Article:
Theses Doctoral

Automation, Decision Making and Business to Business Pricing

Karlinsky Shichor, Yael

In a world going towards automation, I ask whether salespeople making pricing decisions in a high human interaction environment such as business to business (B2B) retail, could be automated, and under what conditions it would be most beneficial. I propose a hybrid approach to automation that combines the expert salesperson and an artificial intelligence model of the salesperson in making pricing decisions in B2B. The hybrid approach preserves individual and organizational knowledge both by learning the expert's decision making behavior and by keeping the expert in the decision making process for decisions that require human judgment. Using sales transactions data from a B2B aluminum retailer, I create an automated version of each salesperson, that learns the salesperson's pricing policy based on her past pricing decisions. In a field experiment, I provide salespeople in the B2B retailer with their own model's price recommendations through their CRM system in real-time, and allow them to adjust their original pricing accordingly. I find that despite the loss of non-codeable information that is available to the salesperson but not to the model, providing the model's price increases profits for treated quotes by as much as 10% relative to a control condition, which translates to approximately $1.3 million in yearly profits. Using a counterfactual analysis, I also find that a hybrid pricing approach, that follows the model's pricing most of time, but defers to the salesperson's pricing when the model is missing important information is more profitable than pure automation or pure reliance on the salesperson's pricing. I find that in most cases the model's scalability and consistency lead to better pricing decisions that translate to higher profits, but when pricing uncommon products or pricing for unfamiliar clients it is best to use human judgment. I investigate different ways, including machine learning methods, to model the salesperson's behavior and to combine salespeople's expertise as reflected by their automated representations, and discuss implications for automation of tasks that involve soft skills.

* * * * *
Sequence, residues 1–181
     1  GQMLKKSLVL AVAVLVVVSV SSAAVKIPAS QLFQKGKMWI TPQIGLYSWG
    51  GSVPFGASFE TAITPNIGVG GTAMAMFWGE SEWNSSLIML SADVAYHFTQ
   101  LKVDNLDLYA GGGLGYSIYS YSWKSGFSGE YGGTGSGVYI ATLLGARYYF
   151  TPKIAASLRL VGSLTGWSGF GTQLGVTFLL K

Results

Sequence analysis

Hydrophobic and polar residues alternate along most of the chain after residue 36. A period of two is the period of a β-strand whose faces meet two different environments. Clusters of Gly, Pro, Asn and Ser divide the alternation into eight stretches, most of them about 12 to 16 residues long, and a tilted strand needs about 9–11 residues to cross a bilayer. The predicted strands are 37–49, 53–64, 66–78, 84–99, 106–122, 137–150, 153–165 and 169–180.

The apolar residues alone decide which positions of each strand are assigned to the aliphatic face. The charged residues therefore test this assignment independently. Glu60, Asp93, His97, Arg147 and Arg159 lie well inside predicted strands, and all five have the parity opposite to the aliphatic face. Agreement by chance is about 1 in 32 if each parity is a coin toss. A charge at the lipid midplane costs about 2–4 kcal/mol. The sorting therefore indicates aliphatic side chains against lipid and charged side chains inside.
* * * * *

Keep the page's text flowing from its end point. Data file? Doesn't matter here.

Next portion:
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More About This Work

Academic Units
Thesis Advisors
Netzer, Oded
Ph.D., Columbia University
Published Here
July 1, 2018